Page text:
Taking professional-quality product photographs is tricky and for some images you not only need a lot of know-how, you also need a studio, stands and lots of lighting to create the the very best shots.
Even images that are isolated on a white background can be shot with quite complex set ups but today we're going to show you how you can create pictures of products isolated on a white background that look
fantastic without any complex equipment and no lighting other than what comes through your window and it can't get any simpler than that can it?
If you are a creative and make things to sell on sites like Etsy or you buy and sell products, the chances are you will have a better chance of selling more if the photographs are clear and look professional. Using the picture you can see here of the antique camera, we are going to describe how we made this image, from start to finish in about 20 minutes.
What do I need?
1. A decent camera.
In theory you can shoot this on your phone as long as you can control the exposure, as you need to be able to increase it to +2 stops over what the camera tries to set it to.
2. Something to stand it on.
If possible a tripod is ideal but if you don't have that, then something to lean your camera or phone on in front of your product. Doesn't matter what it is as long as you can hold your camera still.
3. Some A3-sized white card.
You will put these behind and under your item and also to the left and right so in total, about 4-5. Also depends how big your item is! Make these as white as possible.
4. A clear piece of perspex.
This bit is quite important as your items stands on it, stops shadows under your item and lets the white background through.
5. Something clear to stand your perspex on.
These let through whilst supporting your perspex. We've used plastic cups as our item is light but if you are shooting something heavy you will need something stronger like perspex blocks.
6. Window light.
Just the one.
6. Photo editing software
You'll still need to tidy up the picture a little, filling in any white parts that aren't quite white enough and also set basic contrast, sharpness, brightness, white balance, noise and chromatic aberration levels.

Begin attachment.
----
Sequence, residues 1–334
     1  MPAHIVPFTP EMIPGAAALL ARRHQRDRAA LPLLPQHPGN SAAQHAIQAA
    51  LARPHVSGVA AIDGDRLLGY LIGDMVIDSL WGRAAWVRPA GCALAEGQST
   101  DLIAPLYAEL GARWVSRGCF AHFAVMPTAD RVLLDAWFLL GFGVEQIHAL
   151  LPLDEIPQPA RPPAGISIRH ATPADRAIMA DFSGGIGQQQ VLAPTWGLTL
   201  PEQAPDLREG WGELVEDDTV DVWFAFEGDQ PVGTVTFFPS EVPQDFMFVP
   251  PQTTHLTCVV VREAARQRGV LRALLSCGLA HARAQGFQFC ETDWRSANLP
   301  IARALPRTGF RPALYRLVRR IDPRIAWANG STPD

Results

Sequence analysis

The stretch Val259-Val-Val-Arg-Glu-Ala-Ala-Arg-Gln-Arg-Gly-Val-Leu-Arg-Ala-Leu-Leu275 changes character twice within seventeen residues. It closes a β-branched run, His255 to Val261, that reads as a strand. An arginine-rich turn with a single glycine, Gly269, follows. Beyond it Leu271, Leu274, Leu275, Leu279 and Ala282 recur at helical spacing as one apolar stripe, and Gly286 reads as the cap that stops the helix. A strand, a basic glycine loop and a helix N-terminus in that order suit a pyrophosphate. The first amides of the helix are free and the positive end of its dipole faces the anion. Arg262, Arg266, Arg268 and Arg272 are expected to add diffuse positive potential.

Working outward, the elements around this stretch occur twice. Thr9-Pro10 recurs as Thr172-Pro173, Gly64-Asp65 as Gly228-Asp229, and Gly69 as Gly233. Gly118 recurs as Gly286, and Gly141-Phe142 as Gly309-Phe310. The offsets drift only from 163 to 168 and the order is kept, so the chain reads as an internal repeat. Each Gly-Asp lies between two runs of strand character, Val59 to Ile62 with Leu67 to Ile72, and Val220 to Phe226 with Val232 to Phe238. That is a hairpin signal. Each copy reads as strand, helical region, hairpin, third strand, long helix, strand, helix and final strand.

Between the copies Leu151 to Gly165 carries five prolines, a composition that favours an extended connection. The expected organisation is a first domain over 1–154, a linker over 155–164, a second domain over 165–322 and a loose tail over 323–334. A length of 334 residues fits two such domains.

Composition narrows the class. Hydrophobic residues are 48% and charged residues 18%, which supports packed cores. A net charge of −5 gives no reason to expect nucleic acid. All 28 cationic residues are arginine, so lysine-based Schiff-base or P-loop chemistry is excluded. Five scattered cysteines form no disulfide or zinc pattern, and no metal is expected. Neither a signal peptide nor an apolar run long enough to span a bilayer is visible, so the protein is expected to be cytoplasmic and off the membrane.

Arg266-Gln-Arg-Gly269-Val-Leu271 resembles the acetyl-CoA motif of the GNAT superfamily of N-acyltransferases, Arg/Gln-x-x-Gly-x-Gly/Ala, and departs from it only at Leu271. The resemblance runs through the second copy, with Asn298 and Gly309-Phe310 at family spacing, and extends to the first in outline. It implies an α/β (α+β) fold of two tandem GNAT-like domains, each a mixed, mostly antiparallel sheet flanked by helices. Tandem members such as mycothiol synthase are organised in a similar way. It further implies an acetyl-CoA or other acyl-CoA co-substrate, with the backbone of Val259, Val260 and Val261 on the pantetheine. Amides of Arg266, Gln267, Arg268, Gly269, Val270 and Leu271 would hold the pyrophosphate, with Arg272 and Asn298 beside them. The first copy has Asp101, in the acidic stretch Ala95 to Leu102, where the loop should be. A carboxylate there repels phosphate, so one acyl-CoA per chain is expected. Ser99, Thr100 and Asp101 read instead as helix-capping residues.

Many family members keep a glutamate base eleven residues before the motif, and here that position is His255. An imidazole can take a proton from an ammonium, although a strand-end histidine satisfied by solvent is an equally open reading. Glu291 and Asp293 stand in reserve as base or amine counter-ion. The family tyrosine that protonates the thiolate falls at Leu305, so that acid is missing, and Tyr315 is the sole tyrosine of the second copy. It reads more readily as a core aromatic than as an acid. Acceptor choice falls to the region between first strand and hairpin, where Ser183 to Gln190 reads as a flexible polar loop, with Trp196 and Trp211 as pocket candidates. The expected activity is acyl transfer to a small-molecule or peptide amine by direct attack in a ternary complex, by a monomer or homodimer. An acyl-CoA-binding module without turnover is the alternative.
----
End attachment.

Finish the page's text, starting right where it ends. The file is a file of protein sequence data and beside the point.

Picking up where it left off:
Here's the basic setup.
As you can see, our item, the camera, is stood on the perspex supported by our clear plastic cups, with a white background. The card behind the item only needs to extend up just about the highest point of the thing you're photographing. The white card is also placed under our item and to the left and right of the item.
The window is directly to the left of the scene. It could be to the right, it doesn't matter. Note though, it can't be behind our camera (the one taking the picture, not our subject!) as we'll explain next.
A critical component of the set up is the card that's to the left of the item. This blocks the item from the window light but DOESN'T block the background. The white background must be lit completely by the window's light whilst the item is hidden from it by the card. The scene as it's photographed here is as per the aperture-priority settings, so as there's a lot of white here, it's under exposed the scene, hence it looks very gray.
The card to the right is bouncing the window light back in to the item and without that we'd have a much darker right-side of our camera.
See how those plastic cups let the light flood through and under our item. If you put anything there that isn't transparent you'll block out a lot of light from underneath.
Lets look at the scene with that extra 2 stops of compensation to whiten up those whites and pick up the detail in our item. We could add a little bit more exposure here but we can do that in our editor if you prefer. As you can see the item is now much clearer, standing out and the background is starting to appear white.
Editing The Image
Here we make all of those basic image adjustments such as brightness, contrast, white balance, sharpness, etc to create our final white-background product shot. Increasing the exposure will brighten up those whites, as will increasing the contrast,just don't take them too far otherwise the image will be ruined. In our last image you can see where I was left with just a few parts of the shot that weren't completely white so I used the 'paint' feature of my editor to paint over these with pure white to leave me with the completed product picture you see at the top of the page. Take care not to paint over the top of your item. That undo button is very handy.
If you're an advanced user, it's worth noting that the RGB value of white is 255 255 255. Most editors will show you the RGB value of a colour in your picture when you put the mouse over it. This way you can see what's white and what isn't.
Finally I've cropped the image to remove some of the white background and to make our item bigger in the image.
This approach to photographing items isn't difficult but might take a little bit of practice to get right. Also each thing you photograph will also require some thought. Try photographing a very white object and you'll see what I mean!
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